She has been recognized with many awards for her social justice and human rights advocacy on behalf of First Nations generally including the 2012 YWCA Woman of Distinction Award in Social Justice; Canadian Lawyer Magazine’s 2013 Top 5 Most Influential Lawyer in the Human Rights category; Margaret Mead Award in Social Justice 2016; J. S. Woodsworth Woman of Excellence Award in Human Rights 2016; and an Alumni Award of Distinction 2015 and honourary Doctorate of Laws from UNB 2016, as well as the 2017 Award for Excellence in Human Rights from the Atlantic Human Rights Centre at St. Thomas University.

CBC: 108 Indigenous writers to read, as recommended by you

FOLD, the Festival of Literary Diversity, tweeted out the names of several Indigenous authors you should know. Many readers got in the spirit and shared their own recommendations. We’ve highlighted their suggestions here.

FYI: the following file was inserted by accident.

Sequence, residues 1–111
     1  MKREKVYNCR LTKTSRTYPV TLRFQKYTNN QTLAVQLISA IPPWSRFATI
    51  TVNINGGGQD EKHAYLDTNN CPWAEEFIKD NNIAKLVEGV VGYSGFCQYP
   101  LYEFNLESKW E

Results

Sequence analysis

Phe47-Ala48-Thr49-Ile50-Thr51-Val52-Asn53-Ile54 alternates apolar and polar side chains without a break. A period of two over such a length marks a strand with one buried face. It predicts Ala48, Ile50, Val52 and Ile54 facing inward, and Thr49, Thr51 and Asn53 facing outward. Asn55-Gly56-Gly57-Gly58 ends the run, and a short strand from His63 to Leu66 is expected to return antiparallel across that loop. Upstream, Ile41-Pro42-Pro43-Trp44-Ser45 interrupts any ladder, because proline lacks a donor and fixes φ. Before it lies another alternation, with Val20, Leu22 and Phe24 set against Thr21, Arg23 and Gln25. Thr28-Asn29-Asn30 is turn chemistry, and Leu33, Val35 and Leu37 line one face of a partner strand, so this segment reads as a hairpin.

Here are 108 Indigenous writers to check out.

1. An Honest Woman by Jónína Kirton (Recommended by: @Ayelet Tsabari)

2. Arctic Dreams and Nightmares by Alootook Ipellie (Recommended by: @KateriAkiwenzie)

3. Bad Endings by Carleigh Baker (Recommended by: @Ayelet Tsabari)

4. Badger by Daniel Heath Justice (Recommended by: @KateriAkiwenzie)

5. Bearskin Diary by Carol Rose Daniels (Recommended by: @feralplaywright)

6. Beautiful Razor by Al Hunter (Recommended by: @KateriAkiwenzie)

7. Calling Down the Sky by Rosanna Deerchild (Recommended by: @elainecorden@concrete_poet)

8. Creating Space by Verna J. Kirkness (Recommended by: @jodysmiling)